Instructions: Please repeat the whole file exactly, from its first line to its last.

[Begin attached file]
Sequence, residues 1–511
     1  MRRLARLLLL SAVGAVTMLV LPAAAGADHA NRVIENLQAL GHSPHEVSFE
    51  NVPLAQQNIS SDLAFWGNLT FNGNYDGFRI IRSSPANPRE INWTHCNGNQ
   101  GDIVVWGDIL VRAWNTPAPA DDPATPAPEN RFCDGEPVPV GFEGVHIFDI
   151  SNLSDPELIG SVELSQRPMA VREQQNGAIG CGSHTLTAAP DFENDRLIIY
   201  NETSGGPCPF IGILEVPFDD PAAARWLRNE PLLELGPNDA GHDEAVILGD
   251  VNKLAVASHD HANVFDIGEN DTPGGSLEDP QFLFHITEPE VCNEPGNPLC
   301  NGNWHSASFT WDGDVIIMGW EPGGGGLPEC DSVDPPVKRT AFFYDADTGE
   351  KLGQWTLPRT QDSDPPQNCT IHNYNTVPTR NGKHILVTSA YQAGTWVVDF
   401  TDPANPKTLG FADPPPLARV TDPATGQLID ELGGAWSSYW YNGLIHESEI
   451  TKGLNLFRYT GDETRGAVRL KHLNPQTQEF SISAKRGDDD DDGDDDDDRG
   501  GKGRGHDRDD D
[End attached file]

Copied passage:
Sequence, residues 1–511
     1  MRRLARLLLL SAVGAVTMLV LPAAAGADHA NRVIENLQAL GHSPHEVSFE
    51  NVPLAQQNIS SDLAFWGNLT FNGNYDGFRI IRSSPANPRE INWTHCNGNQ
   101  GDIVVWGDIL VRAWNTPAPA DDPATPAPEN RFCDGEPVPV GFEGVHIFDI
   151  SNLSDPELIG SVELSQRPMA VREQQNGAIG CGSHTLTAAP DFENDRLIIY
   201  NETSGGPCPF IGILEVPFDD PAAARWLRNE PLLELGPNDA GHDEAVILGD
   251  VNKLAVASHD HANVFDIGEN DTPGGSLEDP QFLFHITEPE VCNEPGNPLC
   301  NGNWHSASFT WDGDVIIMGW EPGGGGLPEC DSVDPPVKRT AFFYDADTGE
   351  KLGQWTLPRT QDSDPPQNCT IHNYNTVPTR NGKHILVTSA YQAGTWVVDF
   401  TDPANPKTLG FADPPPLARV TDPATGQLID ELGGAWSSYW YNGLIHESEI
   451  TKGLNLFRYT GDETRGAVRL KHLNPQTQEF SISAKRGDDD DDGDDDDDRG
   501  GKGRGHDRDD D